Friday, 18 March 2011

Natural gas boosted due to crisis in Japan

It's too soon to know the outcome of the crisis at Japan's Fukushima Daiichi nuclear-power plant. But watching the events in Japan has already had a profound impact on public perceptions world-wide in at least two ways.
Most obviously, it has deepened popular concerns about the safety of nuclear power. But it has also underlined how dependent modern life in even the richest countries in the world is on a continuous, reliable supply of electricity.
Across Europe, governments and publics were beginning to forget the trauma of another traumatic nuclear event that happened 25 years ago next month. The Chernobyl disaster triggered a prejudice against nuclear energy in most European countries, save France, that has only recently begun to dissipate. Across the Continent, government had reversed decisions to phase out nuclear power.
"The half-life of the Chernobyl in its impact on policy and public opinion seemed to have been passed," say Daniel Yergin, Washington-based energy specialist and chairman of IHS Cambridge Energy Research Association.
"Europe was moving back to nuclear power, particularly for reasons of diversification, and very strongly driven by the low carbon agenda," he says.
That appears to have changed abruptly. The government of German Chancellor Angela Merkel temporarily shut down seven old nuclear reactors, and said it hadn't decided whether to restart them in three months' time. Across Europe, life extensions of older plants and decisions to build new plants have been called into question.
The nuclear industry has fought back. Keith Parker, chief executive of the U.K. Nuclear Industry Association, noted that "the largest-ever recorded earthquake in Northern Europe is many thousand times smaller than the earthquake in Japan," adding that British plants didn't use the same technology as that which failed in Japan.
But, despite such efforts, analysts argue that, by a greater or lesser margin, nuclear energy appears destined in the medium to long term to take a smaller role in Europe's electricity generation mix than appeared likely a few weeks ago. In 2010, nuclear-power generation accounted for just over a quarter of Europe's power, a slightly higher proportion than both gas and coal. Oil and renewables, including hydro, accounted for just over a fifth.
The immediate impact of the German shutdown will be to bring old mothballed coal-fired power stations on stream, increasing emissions of carbon dioxide and other greenhouse gases, analysts say. Perhaps Germany can pull in some electricity from its neighbors, like France, and its nuclear-power plants that produce more than three-quarters of its electricity.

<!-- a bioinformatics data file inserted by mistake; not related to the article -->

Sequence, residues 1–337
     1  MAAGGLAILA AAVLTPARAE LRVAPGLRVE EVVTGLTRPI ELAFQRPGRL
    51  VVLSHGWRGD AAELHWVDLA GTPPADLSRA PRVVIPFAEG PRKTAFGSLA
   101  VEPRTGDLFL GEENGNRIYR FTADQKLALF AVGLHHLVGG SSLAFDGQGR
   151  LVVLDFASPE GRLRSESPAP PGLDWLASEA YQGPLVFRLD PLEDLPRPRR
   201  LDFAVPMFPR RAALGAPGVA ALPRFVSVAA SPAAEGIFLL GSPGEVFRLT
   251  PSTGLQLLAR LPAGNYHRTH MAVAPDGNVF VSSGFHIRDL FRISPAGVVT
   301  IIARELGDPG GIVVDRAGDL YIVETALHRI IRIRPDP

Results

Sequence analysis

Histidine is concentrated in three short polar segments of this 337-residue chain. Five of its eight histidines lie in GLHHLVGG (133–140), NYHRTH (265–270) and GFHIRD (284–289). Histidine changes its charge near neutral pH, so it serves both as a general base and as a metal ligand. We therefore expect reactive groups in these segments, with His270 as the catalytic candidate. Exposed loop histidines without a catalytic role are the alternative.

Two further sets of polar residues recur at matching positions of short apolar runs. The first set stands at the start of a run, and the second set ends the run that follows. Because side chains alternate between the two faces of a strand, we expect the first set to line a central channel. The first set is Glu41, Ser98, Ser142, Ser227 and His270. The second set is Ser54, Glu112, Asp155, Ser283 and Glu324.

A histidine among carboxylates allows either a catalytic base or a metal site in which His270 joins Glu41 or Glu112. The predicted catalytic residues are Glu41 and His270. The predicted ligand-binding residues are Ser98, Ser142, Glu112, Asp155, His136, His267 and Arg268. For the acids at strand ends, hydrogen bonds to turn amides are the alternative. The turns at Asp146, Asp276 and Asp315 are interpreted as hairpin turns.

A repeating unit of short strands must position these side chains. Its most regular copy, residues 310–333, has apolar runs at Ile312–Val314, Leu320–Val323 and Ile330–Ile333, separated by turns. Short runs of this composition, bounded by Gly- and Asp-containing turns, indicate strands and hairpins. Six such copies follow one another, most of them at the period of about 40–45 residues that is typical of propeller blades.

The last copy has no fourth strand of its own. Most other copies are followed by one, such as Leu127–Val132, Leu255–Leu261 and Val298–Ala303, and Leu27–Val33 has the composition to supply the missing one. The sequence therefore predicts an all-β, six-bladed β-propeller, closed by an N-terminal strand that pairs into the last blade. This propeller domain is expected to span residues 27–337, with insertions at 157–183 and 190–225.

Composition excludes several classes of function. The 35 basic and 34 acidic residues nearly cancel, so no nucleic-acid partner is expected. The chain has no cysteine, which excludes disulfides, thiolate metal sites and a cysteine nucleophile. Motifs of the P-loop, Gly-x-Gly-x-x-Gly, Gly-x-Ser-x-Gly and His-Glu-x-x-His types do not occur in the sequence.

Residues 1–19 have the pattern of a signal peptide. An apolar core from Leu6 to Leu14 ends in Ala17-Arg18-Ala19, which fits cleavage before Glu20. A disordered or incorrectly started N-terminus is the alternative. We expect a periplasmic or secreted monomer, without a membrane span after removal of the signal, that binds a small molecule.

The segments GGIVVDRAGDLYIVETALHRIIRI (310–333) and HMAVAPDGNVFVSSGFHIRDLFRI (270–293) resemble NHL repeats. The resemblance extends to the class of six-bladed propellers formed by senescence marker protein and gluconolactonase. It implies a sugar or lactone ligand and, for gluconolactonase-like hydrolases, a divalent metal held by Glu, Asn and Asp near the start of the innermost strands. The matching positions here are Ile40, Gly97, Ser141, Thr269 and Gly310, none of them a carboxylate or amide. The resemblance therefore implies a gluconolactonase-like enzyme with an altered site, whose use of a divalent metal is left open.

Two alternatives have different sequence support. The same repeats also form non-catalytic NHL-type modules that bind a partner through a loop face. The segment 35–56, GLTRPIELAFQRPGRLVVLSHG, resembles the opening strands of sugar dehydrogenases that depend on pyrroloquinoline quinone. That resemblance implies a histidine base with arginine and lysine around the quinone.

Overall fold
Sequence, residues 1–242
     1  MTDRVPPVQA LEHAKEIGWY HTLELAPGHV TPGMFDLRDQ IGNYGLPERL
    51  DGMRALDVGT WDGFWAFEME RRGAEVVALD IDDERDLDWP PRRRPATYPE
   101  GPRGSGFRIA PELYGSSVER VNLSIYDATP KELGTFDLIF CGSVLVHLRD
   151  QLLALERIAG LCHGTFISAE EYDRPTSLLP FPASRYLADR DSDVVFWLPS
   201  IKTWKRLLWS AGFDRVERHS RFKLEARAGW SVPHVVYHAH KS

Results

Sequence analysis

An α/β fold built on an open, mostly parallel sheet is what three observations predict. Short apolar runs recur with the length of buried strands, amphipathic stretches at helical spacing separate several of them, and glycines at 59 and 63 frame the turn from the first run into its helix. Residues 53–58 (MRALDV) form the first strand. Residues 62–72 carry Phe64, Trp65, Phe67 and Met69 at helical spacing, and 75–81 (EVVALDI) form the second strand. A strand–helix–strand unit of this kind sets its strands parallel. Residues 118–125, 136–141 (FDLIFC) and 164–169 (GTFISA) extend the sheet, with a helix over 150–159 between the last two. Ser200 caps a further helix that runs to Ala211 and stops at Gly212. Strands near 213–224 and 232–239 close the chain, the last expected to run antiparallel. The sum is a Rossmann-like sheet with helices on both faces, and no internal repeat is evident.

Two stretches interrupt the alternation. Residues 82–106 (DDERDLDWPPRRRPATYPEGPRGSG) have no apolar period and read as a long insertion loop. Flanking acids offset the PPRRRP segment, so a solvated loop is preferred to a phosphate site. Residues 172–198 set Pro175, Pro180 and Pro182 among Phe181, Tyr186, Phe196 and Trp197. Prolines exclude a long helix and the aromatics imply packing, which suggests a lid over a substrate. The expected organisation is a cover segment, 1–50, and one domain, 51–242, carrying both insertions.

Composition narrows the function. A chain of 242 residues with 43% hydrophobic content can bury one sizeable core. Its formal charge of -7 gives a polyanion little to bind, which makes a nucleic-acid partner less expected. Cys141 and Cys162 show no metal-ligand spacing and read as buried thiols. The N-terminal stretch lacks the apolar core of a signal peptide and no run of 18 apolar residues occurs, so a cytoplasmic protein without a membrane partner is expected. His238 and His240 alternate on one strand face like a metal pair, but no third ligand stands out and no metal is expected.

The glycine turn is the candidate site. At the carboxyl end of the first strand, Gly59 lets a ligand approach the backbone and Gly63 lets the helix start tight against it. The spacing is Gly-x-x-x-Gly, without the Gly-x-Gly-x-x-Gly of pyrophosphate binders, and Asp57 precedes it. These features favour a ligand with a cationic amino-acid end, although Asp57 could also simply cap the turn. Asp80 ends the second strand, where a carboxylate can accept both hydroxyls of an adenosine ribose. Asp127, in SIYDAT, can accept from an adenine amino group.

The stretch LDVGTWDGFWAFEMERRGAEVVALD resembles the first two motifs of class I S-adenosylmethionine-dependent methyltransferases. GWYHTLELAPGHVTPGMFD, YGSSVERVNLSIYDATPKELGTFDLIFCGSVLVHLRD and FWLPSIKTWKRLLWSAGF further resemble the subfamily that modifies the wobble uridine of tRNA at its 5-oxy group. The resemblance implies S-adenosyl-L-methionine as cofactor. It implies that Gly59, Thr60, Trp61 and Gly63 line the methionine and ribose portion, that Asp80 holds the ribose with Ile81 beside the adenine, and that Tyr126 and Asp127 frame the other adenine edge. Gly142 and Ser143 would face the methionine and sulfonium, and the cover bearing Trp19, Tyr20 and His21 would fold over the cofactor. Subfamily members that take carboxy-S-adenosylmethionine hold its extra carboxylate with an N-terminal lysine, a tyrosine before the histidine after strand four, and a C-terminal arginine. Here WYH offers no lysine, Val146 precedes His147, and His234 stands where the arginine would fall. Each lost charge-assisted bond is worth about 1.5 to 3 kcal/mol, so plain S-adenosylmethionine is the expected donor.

But longer term, what? Despite a push to increase power generated from renewable sources such as solar and wind power, the wind doesn't blow all the time even in Northern Europe, and the sun is notoriously elusive. Renewables aren't cheap either, in part because they need other methods of power generation to back them up because they generate intermittently.
Despite improved technologies, coal is still a relatively dirty fuel, while switching to oil in a $100-a-barrel world doesn't seem appealing either. But there is a fuel that's plentiful, and becoming more so, emits significantly less carbon dioxide per kilowatt-hour generated than coal, and where power stations can be built and online in a relatively short time: natural gas.
"Natural gas may end up having a much bigger role in power generation in Europe than people were expecting a couple of years ago," says Mr. Yergin.
That's partly because there is a lot of it about. The development of technology to extract so-called unconventional or shale gas out of sedimentary rock has resulted in a sharp increase in U.S. production of natural gas.
This has displaced liquefied natural gas from other parts of the world, including the Middle East, that would have gone to the U.S. but now has to find buyers in other parts of the world. World spot prices have, partly as a result, fallen sharply in recent years.
Europe is also looking to increase pipelined supplies of natural gas from the east, to diversify away from its current dependence on Russia.
And there's a joker in the pack: Europe's own, as yet untapped, supplies of unconventional gas. One industry insider says companies that have found such gas are not advertising it, but Mr. Yergin says his organization has done a study of 55 potential unconventional gas plays "that shows Europe has almost as much unconventional gas as North America."
Whether all of this would be exploitable on a more crowded land mass is another question. Nonetheless, all these developments should mean that European Union is likely to foresee a larger role for natural gas in its electricity generation plans than it has until now.
There is still a virtue in diversification, however. With nuclear-power stations in Japan closing down, at least some permanently, LNG supplies have been diverted to Japan for power generation there.